In the first deal of its kind, BMW will become the first foreign carmaker in the China to control a joint venture to produce conventional autos. The German maker of luxury vehicles – the world’s second-largest after Mercedes-Benz – will pay €3.6 billion ($4.2 billion) to increase its 50 percent stake to 75 percent in BMW Brilliance Automotive in China. Brilliance will cut its stake to 14.5 percent from 40.5 percent currently.
Buying majority control will entitle BMW to a larger share of the lucrative Chinese business, now BMW’s single-biggest sales channel on the planet. China, the world’s largest car market, had long sealed off its industries from foreign competition, forcing non-Chinese companies to operate in joint ventures with local businesses.
The protectionist rules helped China obtain crucial know-how and build up its own industrial giants, such as carmakers Geely and BYD, the latter minority owned by billionaire investor Warren Buffett and phone maker Huawei. Last year, China decided to open its markets after Western governments and companies pushed the Communist government to dismantle its trade barriers. Harald Krüger, BMW’s CEO, said Chinese Prime Minister Li Keqiang personally supported the negotiations with Brilliance.
Assuming regulators and its partner, Brilliance China Automotive, approve the deal, BMW will take control of the Chinese business in 2022, when the government lifts its 50-50 ownership requirement for passenger cars powered by gasoline or diesel. For electric-car joint ventures, Beijing already scrapped the rule this year, and Tesla won approval to set up a fully-owned electric-car plant in Shanghai.
BMW’s joint venture with Brilliance dates back to 2003. Last year it turned out almost 400,000 vehicles at two plants in the northeastern city Shenyang, which owns the remaining 9.5 percent of equity. Without proceeds from the joint venture, Brilliance would have made a loss last year.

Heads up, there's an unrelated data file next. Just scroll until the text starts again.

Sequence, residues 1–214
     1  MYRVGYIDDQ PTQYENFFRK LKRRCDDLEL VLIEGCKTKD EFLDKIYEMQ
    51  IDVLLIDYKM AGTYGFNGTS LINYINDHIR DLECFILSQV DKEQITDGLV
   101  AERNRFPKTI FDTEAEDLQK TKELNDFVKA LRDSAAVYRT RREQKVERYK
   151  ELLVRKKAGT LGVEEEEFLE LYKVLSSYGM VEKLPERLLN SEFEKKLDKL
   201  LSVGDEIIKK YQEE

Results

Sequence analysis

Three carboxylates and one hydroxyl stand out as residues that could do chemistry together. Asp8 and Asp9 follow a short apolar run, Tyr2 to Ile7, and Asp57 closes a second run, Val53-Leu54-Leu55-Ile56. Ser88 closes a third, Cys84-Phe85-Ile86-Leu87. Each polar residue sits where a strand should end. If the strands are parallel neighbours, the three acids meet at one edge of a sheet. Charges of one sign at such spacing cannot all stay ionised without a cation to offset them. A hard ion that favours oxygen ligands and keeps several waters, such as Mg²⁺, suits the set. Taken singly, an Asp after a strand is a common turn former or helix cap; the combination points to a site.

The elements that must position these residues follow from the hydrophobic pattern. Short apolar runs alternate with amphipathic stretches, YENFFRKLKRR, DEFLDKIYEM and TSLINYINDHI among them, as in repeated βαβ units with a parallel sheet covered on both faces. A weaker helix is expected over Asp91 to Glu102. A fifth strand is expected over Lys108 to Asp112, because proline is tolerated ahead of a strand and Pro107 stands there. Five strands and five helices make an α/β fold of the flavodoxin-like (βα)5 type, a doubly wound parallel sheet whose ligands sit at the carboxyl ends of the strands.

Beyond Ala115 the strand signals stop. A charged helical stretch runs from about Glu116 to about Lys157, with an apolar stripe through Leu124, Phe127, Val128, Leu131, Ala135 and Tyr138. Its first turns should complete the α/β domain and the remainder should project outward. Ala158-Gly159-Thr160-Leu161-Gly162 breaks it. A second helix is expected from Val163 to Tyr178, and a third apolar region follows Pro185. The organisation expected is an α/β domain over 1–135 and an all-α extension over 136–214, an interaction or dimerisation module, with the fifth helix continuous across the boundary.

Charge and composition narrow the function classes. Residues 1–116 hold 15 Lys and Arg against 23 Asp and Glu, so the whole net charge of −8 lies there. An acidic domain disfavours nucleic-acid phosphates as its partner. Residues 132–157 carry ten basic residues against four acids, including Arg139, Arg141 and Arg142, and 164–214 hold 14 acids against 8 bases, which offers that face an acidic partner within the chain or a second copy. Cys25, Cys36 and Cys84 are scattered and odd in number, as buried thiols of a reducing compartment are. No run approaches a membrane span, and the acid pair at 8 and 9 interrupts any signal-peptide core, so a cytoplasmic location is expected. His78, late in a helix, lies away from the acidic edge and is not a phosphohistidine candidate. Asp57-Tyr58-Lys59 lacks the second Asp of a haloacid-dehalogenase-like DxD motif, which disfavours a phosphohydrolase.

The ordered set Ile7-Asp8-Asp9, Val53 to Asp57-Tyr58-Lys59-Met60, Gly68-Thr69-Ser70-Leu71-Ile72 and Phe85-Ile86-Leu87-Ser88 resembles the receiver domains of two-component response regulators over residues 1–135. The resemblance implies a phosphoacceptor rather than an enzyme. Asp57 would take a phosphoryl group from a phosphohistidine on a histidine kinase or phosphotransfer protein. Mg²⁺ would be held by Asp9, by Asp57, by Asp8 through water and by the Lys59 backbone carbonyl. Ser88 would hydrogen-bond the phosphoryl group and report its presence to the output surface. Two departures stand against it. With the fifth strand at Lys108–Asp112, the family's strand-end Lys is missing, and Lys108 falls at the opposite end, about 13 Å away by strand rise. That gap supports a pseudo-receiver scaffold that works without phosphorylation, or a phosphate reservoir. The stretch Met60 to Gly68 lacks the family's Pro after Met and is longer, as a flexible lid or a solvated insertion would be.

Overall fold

Over the past decade, BMW rapidly expanded in China, selling 560,000 of its luxury BMW 3 Series sedans, X1 and X3 SUVs and other models in the country last year. That accounts for almost a quarter of BMW Group’s global vehicle sales. The German carmaker extended the contract to operate the joint venture to 2040 from 2028 originally.
Furthermore, the BMW joint venture will spend more than €3 billion to build a new plant in Shenyang and increase capacity at two existing factories to 650,000 vehicles a year. It will start producing electric SUVs, the BMW iX3, to be sold outside China. The expansion could help offset Chinese tariffs, totaling 40 percent, which Beijing slapped on cars imported from the United States because of Donald Trump’s trade war with the country.
BMW exported 81,000 cars to China last year from Spartanburg, South Carolina, where the Germans have their biggest production facility. An X5 SUV lists for $105,000 in China, but sells for $57,000 in the US. Manufacturing these vehicles in China could either help BMW sell more of them at a lower price, or simply earn more money per vehicle sold. Just last month BMW lowered its 2018 profit outlook, citing the trade war among other reasons.
The German carmaker is also planning a new venture with Great Wall Motor to jointly produce electric Mini vehicles in China. Mini, a British brand owned by BMW, currently only produces cars in the UK and the Netherlands.
Whether other carmakers will follow BMW’s example and take over control of Chinese joint ventures remains to be seen.
Sha Hua is Handelsblatt’s China correspondent, based in Beijing. Markus Fasse specializes in aviation and automobile industry news and works from Handelsblatt’s Munich office. Gilbert Kreijger is an editor with Handelsblatt Global. To contact the authors: firstname.lastname@example.org, email@example.com and firstname.lastname@example.org